greeneryday 4 years ago from Some tropical country

Beautiful looking horse wagon pictures, and some nice tips on how to take photos of these wagons. I think I prefer the ones when on the run, and thank you for sharing this unique hub.


LuisEGonzalez profile image

LuisEGonzalez 4 years ago from Miami, Florida Author

Scottye Davis: Thank you

greeneryday: Thank you


BLACKANDGOLDJACK profile image

BLACKANDGOLDJACK 4 years ago from Blitzburgh area

My daughter and her date arrived at the prom this past May in a such a carriage. She seemed to like it better than the other prom she attended a week earlier in a limo with numerous other couples that cost a small fortune.

Where I live there are a lot of Amish who drive horse-drawn carriages on the main roads. You can guess what the problem with this is, and I'm not talking about how slow they go or how difficult it is to see them at night. No, I'm talking about when the horses have to go number two.


LuisEGonzalez profile image

LuisEGonzalez 4 years ago from Miami, Florida Author

Blackandgoldjack: Thank you...must be a messy situation...lol


Kate Mc Bride profile image

Kate Mc Bride 4 years ago from Donegal Ireland

I love anything to do with horses and carriages. Thanks for sharing such a great hub;the photos really make it easy to read. Voted up and interesting :-)


alancaster149 profile image

alancaster149 4 years ago from Forest Gate, London E7, U K (ex-pat Yorkshire)

What - no pictures of covered wagons?! The quintessential pioneer vehicle is missing from this page! I like the buckboard, but what's that thing at the beginning? It looks like a mobile seat for a heavy driver with long legs. You could get bounced about on that contraption, couldn't you?

Over here we've got a plethora of horse-drawn vehicles that are usually assembled at country shows, such as traps, brewers' drays, hay wagons and even horse-drawn fire tenders. The animals that draw the vehicles are as varied as the 'wheels' they pull, even dog-carts from the Netherlands. Clydesdales tended to find employment on anything from hauling chains of small ironstone wagons (more like bathtubs on wheels) here - even up to the early 1950's. Some worked as 'four-legged shunters' in railway yards where there was either too little space for even a saddle tank loco, or the yard managers couldn't persuade the bosses to invest in coal-fuelled motive power. Hay-fuelled was as far as the accountants permitted! Or how about Hansom Cabs with high-stepping horses? I saw one being put through its paces today on the way out to Essex, very handsome (unfortunately I'm still camera-less)!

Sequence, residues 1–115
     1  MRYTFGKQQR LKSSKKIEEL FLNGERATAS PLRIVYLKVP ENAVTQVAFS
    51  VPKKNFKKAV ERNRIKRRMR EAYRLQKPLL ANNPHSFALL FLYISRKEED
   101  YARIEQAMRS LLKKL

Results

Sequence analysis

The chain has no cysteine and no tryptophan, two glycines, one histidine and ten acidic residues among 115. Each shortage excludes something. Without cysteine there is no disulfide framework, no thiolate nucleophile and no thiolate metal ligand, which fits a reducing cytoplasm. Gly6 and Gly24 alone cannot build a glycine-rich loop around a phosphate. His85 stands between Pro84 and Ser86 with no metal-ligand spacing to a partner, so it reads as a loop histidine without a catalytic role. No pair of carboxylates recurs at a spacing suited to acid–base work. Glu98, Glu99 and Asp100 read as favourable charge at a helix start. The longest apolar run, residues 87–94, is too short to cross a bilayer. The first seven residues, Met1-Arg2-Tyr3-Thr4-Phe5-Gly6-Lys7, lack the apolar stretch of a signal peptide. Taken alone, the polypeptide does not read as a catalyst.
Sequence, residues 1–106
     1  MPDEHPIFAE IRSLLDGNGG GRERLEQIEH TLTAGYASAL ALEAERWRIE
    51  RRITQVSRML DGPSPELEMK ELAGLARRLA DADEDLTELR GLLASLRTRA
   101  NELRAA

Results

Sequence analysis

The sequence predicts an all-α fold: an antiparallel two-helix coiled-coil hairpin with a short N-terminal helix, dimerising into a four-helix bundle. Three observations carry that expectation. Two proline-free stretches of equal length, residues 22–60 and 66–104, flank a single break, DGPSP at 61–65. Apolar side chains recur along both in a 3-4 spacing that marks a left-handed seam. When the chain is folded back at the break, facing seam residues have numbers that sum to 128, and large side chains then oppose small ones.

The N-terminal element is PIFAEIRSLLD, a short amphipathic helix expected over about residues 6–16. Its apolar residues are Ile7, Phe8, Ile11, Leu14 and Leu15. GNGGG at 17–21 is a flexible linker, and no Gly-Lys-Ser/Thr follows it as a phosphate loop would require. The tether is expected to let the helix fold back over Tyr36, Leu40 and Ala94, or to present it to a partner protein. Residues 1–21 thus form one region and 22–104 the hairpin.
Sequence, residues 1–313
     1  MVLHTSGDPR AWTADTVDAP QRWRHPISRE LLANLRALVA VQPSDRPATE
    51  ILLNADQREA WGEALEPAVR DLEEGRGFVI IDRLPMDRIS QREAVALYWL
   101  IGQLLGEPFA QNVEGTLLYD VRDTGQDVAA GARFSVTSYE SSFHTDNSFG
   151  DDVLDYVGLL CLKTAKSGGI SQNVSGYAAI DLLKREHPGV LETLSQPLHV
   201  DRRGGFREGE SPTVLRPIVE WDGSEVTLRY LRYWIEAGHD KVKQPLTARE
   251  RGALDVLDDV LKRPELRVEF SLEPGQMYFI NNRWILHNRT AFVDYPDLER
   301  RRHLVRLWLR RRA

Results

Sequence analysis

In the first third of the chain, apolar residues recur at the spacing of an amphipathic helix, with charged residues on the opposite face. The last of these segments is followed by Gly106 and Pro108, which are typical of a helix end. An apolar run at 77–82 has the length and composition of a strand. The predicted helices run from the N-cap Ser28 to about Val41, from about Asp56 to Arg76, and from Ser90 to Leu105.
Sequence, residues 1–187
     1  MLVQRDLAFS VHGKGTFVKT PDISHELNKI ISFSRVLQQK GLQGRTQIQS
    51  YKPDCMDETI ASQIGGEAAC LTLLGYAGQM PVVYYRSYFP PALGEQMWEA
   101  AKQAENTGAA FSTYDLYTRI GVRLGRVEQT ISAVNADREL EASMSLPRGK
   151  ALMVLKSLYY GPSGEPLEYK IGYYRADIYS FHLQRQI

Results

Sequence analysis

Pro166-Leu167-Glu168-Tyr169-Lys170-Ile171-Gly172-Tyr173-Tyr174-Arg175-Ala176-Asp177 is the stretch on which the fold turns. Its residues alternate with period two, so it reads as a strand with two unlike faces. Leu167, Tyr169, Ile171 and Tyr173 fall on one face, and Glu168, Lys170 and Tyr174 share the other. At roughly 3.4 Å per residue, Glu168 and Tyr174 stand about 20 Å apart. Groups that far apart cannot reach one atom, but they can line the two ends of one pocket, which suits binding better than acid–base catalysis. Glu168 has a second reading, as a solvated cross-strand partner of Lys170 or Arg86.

LuisEGonzalez profile image

LuisEGonzalez 4 years ago from Miami, Florida Author

alancaster149: Sorry...here you go I just put one....lol


LuisEGonzalez profile image

LuisEGonzalez 4 years ago from Miami, Florida Author

Kate Mc Bride: Thank you


alancaster149 profile image

alancaster149 4 years ago from Forest Gate, London E7, U K (ex-pat Yorkshire)

That's the ticket! Having looked again at the stagecoach I notice it's only got two horses pulling. Two wouldn't have got them out of trouble with Inj - sorry, Native Americans chasing after them. Our stagecoaches - we had them as well, before the railways - usually had rwo, and there were mail-coaches that had four to get them along the new turnpike roads built by MacAdam. They needed four to keep time AND outrun the highwaymen like the late Mr Richard Turpin and his one-time associate 'Sixteen-string' Jack (his hose were kept up by different coloured hose suspender strings. Jack was finally 'strung up' at Tyburn on the 'three-way gallows').

*Charles Dickens was a shareholder in one company of stagecoach owners and opposed the railways being built. Not a lot of people know that.


LuisEGonzalez profile image

LuisEGonzalez 4 years ago from Miami, Florida Author

alancaster149: Thank you, again